Vol 4 | Issue 1 | Spring 2009

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Abstracts

The Influence of Research on Criminal Justice Policy Making

Arthur H. Garrison

Criminal justice policy making is a vertical and horizontal political dynamic. The criminal justice researcher who understands the decision-making process within state criminal justice policy-making agencies can influence decisions by providing research to meet policy makers’ needs. This paper provides a schematic view on the criminal justice decision-making process and discusses how researchers can make their work relevant within it.

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Assessing HIDTAs and Vehicle Stops in Narcotics Trafficking Research

Durant Frantzen and Salih Hakan Can

The efficacy of drug interdiction methods raises important policy questions regarding programs designed to achieve stated organizational goals. High-Intensity Drug Trafficking Area (HIDTA) entities are one example of a program that has come under fire in the last several years due to a lack of productivity in drug enforcement output goals (e.g., possession or sale arrests) hampered by a diffusion of resources across the nation to target local drug epidemics. HIDTA is a multijurisdictional task force endeavor that is charged with drug interdiction in 28 high-level drug distribution jurisdictions across the country. Drug arrests derived through searches and seizures during traffic stops also make up a significant number of total drug interdiction incidents; however, few empirical studies have compared organizational outputs for these two interdiction methods. Data for this study were gathered in a U.S.-Mexico border jurisdiction, one of the HIDTA areas initially funded by the Byrne Grant Program to stop drug trafficking. The study offers a comparison of vehicle drug related arrests and HIDTA arrests and provides policy implications and suggestions for future research in narcotics trafficking research.

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Professionalism in Policing: Assessing the Professionalization Movement

Philip E. Carlan and John A. Lewis

This study examines police professionalism by using Hall’s professionalism scale. Questionnaires (N = 1,953) were mailed to all municipal police departments with 50 or more sworn personnel in one southern state, producing 1,114 responses (57% response rate) from 16 participating departments. Analysis revealed that professionalism attitudes did not differ significantly among agencies. Findings also revealed above-average professionalism attitudes on all dimensions (organizational referent, public service, self-regulation, calling, and autonomy). Based on these findings, the authors conclude that policing is closely aligned with the primary components of professionalism. Findings also reveal, however, that officers are content with low levels of actual autonomy; thus, policing must maintain progressive efforts if it hopes to one day achieve status as a profession.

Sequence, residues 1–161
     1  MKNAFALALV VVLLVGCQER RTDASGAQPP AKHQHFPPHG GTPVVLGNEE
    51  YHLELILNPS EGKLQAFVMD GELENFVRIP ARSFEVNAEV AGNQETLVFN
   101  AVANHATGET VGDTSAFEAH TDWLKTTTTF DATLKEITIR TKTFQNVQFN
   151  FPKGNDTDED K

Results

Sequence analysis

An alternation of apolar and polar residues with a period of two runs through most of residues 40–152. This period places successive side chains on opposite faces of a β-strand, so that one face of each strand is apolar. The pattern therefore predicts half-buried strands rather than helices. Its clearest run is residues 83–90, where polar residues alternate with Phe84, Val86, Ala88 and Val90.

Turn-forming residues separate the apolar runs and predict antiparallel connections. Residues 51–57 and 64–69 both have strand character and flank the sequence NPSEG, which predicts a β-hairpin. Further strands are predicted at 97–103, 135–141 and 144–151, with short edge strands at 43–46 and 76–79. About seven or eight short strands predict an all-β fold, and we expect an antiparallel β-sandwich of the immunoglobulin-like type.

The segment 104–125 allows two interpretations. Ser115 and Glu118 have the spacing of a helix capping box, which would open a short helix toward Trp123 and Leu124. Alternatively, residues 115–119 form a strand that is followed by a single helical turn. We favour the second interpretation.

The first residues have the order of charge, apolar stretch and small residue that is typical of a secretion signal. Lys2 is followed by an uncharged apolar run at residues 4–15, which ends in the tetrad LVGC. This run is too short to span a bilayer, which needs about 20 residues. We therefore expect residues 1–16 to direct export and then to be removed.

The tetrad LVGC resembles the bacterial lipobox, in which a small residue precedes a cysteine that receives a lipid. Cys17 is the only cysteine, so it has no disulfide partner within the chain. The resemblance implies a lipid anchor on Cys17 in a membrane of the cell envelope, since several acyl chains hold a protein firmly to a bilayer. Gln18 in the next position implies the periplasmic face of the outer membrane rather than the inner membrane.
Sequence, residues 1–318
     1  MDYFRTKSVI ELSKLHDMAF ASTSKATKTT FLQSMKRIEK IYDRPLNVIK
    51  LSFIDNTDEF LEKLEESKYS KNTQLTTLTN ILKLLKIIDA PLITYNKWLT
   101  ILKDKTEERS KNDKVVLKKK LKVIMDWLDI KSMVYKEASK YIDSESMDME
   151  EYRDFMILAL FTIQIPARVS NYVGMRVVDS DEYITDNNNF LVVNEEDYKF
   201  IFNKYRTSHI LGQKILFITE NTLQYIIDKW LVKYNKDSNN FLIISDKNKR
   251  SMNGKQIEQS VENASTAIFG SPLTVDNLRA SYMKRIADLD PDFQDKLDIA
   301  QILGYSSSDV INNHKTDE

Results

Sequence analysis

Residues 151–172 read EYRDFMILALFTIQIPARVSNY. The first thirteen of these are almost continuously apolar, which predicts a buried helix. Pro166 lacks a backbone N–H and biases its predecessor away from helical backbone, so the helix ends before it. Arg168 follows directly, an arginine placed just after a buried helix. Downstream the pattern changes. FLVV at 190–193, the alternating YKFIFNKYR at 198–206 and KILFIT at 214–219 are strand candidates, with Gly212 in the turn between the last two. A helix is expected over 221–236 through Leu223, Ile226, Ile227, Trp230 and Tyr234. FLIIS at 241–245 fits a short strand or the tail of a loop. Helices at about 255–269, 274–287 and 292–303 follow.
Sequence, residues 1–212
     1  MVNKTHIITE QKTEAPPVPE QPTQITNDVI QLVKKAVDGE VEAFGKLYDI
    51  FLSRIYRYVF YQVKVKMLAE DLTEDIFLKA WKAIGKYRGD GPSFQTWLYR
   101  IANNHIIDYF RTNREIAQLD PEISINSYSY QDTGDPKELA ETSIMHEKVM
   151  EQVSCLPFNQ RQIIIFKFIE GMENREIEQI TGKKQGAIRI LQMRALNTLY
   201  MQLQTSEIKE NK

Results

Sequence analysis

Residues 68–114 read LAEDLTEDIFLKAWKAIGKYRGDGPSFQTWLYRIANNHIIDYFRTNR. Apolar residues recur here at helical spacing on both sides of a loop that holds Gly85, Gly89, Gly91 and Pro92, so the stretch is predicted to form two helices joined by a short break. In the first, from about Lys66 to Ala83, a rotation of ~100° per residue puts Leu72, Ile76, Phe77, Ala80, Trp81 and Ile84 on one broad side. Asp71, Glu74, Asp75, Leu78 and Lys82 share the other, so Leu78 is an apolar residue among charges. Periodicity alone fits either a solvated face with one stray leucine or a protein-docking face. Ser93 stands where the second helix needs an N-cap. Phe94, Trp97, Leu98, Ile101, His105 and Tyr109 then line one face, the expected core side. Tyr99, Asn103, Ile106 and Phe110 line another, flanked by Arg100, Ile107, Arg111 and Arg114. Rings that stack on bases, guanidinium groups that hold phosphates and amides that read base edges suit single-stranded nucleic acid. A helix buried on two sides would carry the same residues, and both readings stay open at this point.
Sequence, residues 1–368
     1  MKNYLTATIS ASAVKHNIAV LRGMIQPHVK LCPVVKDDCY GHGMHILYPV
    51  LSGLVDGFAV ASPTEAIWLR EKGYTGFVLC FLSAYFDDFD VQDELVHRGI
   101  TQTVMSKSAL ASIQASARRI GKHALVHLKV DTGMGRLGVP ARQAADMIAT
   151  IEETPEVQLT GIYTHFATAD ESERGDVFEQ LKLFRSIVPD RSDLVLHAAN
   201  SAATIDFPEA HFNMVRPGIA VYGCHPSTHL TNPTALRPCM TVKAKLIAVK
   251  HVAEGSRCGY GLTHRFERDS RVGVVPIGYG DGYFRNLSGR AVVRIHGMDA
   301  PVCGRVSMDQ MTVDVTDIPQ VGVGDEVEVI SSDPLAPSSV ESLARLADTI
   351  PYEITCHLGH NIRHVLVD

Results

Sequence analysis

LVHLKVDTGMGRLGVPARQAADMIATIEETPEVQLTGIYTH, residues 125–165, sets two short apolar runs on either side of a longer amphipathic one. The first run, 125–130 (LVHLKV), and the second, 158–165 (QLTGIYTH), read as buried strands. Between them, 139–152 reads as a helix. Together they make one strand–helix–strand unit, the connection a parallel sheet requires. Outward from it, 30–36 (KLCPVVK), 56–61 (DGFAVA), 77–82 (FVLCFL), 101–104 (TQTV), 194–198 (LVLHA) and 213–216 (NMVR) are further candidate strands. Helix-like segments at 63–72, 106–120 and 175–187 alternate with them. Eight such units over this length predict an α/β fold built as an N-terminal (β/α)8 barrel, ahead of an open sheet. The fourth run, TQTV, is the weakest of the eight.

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A Tribute to Ken Kerle

Cliff Roberson, Editor-in-Chief, PICJ

In March 2009, Ken Kerle, the founding editor of American Jails magazine retired. Many professionals in criminal justice will miss him. Ken has visited more jails than any other known person. He was worked hard not only to improve our jails but also to advance the cause of the many professionals employed in our correctional system. I am honored to know him, to have been provided with the opportunity to contribute to his magazine, American Jails, and to consider myself as one of his many friends.

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How Ken Kerle Changed the Corrections World (and My Life)

Mary K. Stohr

As I have said many times, Ken Kerle is the modern day John Howard, and John Howard, like Ken Kerle, changed the corrections world. As you know, John Howard was an English ex-sheriff of the 1700s. He spent his life traveling and speaking out in favor of the reformation and standardization of the treatment of those held in English and European gaols (or jails). Howard was a major influence in the movement to improve general conditions for jail inmates, in their separation or classification, and in the cessation of the fee system, whereby an inmate was required to pay a fee for even such basics as food and clothing. Ironically, or perhaps fittingly, Howard literally gave his life for jail reform, as he died of gaol fever, or typhus.

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A Jail Guru Reminisces

Ken Kerle

Life sometimes changes unexpectedly. In June 1968, I had already resigned from a West Virginia college and looked forward to a job offered by the Robert F. Kennedy presidential primary campaign team. My residence in Washington, D.C., had already opened up political opportunities with jobs in Congress on Capitol Hill and a three-year stint as a volunteer with the Democratic National Committee. Much of this occurred while I was still in graduate school in Government and Public Administration at The American University. However, Kennedy’s assassination in Los Angeles jolted me into reality. I needed employment, and ten minutes after I turned off the radio after hearing the news, my phone rang, and I listened to a voice offer me a position in a small community college in Hagerstown, Maryland.

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This journal is dedicated to the men and women serving and those who have served in our criminal justice agencies. America is fortunate to have such fine and devoted professionals serving on our behalf. Thank you.

Professional Issues in Criminal Justice (PICJ), which started in 2005, has evolved from a newly established journalin criminal justice to an established peer-reviewed journal in the field.
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